Written by Jadyn Simental. Graphic by Quynhmai Tran. – Not many people know about the brown, wooden box. The box is small, but the wooden figures that live in the brown, wooden box aren’t fragile to the large territories surrounding. I imagine the little people in the box as pieces of treasure, untouchable. The figures belong to me, as I […]
Written by Jadyn Simental.
Graphic by Quynhmai Tran.
Not many people know about the brown, wooden box. The box is small, but the wooden figures that live in the brown, wooden box aren’t fragile to the large territories surrounding. I imagine the little people in the box as pieces of treasure, untouchable. The figures belong to me, as I belong to them. Of course, the pieces don’t need to be touched, because every individual knows the steps necessary to take, which are in many ways predictable. For years I observed the environment of the brown, wooden box and its small wooden civilians’ values. The pieces living their daily lives value their devotion to the community. They see the box as their perfect, little world unharmed and safe. They claim their territory far from the exotic distaste the outside societies drag from unfamiliar territory.
The outside areas of the box may see the box as a prison, trapping civilians in the middle of vast land with little to see and nothing fresh to experience. The wooden figures, however, see the box as their own island of paradise they believe society neglects to relish every day. They have plenty to eat, and their community lies so strong within one another, “stranger” can’t be found in the books the wooden children read at the schoolhouse.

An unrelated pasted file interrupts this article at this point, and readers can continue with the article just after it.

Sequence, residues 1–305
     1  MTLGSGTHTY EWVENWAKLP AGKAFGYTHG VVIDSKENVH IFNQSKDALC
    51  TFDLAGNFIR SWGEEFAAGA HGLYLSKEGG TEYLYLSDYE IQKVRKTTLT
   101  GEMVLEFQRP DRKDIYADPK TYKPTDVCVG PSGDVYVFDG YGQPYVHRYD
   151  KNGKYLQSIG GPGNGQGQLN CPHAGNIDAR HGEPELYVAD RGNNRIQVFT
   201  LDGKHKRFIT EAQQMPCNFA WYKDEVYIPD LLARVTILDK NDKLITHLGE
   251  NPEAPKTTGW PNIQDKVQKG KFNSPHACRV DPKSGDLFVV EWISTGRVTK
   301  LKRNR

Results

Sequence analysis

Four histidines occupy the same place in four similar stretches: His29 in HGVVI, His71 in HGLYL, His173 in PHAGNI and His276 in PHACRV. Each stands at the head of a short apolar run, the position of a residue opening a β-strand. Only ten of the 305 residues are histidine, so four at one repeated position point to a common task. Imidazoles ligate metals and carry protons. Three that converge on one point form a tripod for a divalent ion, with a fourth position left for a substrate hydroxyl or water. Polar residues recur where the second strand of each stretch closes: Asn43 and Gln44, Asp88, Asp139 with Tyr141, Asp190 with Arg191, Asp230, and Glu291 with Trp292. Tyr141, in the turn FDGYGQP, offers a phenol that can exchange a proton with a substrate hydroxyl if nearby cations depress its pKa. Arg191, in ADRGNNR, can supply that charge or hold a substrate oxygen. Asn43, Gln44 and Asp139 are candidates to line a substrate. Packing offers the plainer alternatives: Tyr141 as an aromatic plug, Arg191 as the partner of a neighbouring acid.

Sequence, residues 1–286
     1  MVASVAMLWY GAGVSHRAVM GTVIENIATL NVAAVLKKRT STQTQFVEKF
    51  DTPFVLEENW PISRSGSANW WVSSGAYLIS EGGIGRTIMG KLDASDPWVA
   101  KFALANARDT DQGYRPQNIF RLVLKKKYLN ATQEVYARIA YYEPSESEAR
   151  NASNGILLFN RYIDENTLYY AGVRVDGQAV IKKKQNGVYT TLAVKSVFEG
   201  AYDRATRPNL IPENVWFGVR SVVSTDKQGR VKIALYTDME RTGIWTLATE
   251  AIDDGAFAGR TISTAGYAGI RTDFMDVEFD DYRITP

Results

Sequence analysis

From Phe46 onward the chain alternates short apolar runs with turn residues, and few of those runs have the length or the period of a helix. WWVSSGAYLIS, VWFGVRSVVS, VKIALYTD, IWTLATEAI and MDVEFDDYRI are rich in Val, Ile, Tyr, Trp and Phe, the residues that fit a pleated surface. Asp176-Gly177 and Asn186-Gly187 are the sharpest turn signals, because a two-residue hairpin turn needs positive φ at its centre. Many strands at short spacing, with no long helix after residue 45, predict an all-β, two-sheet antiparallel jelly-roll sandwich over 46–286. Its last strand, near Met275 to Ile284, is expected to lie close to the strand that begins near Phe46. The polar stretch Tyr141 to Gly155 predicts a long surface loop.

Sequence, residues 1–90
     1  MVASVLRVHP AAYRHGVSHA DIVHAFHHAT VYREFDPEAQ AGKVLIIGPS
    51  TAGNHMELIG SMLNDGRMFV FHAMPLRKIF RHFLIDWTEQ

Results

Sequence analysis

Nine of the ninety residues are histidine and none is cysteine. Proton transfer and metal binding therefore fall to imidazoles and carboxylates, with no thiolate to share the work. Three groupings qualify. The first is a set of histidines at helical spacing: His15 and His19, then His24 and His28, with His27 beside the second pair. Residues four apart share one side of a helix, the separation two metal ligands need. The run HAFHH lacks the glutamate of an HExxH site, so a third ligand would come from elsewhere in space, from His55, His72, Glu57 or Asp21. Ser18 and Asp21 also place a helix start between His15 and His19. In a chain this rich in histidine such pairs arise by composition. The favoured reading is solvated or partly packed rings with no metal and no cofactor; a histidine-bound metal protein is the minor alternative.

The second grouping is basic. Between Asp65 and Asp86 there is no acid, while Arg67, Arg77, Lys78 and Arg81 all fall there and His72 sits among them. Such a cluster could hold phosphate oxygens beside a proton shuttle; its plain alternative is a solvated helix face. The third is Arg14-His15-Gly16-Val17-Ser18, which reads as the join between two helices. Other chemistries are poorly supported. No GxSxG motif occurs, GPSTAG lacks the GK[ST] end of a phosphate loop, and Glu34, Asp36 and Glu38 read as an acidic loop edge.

There’s no need to explain the names of the wooden figures, because publicity holds no value in the box. The wooden figures often travel outside, but always return. To most of the figures there is no other home than the wooden box because each face is familiar. It doesn’t take a scientist to understand, any person feels comfortable with familiarity. Again, there is no point to name a wooden figure, they’re wooden for a reason. Nobody outside is likely to recognize one of their faces, to outsiders it’s just a blank, wooden face. The wooden figures all seem the same from the outside perspective, because their values, work, and schedule all reflect one another. This doesn’t matter to the civilians of the wooden box. Civilians from the bigger territories see greatness in the fame from Hollywood, money, and making a life they think will make them happy. The wooden box differs in a way, understanding that their joy comes from the strong community of amity for one another. In the end, the eminence in life comes from the sweat they burn for a perfect house, perfect family, and the little, yet fulfilling life.
From the outside, people will see a wooden box, with wooden figures that all act upon and understand a uniform enterprise; but, the people within see things differently. I am a wooden figure, and I left the wooden box. The new people I pass every day see a blank, wooden face, because to them I’m just another person hoping to find success in a big world. As I experience new things in the outside society, I still find no greater joy than from the civilians I know and love from the box. If I were to step into the box today, the wooden face of mine would develop definition: brown eyes, brown skin, a face that finds itself too often in a smile in the best and worst situations; the face becomes unique and recognizable to those of the brown, wooden box. The box might not have the material treasures one might hope to hold joys in, but it has a harmonic treasure with the people I know. The story of the brown, wooden box is home.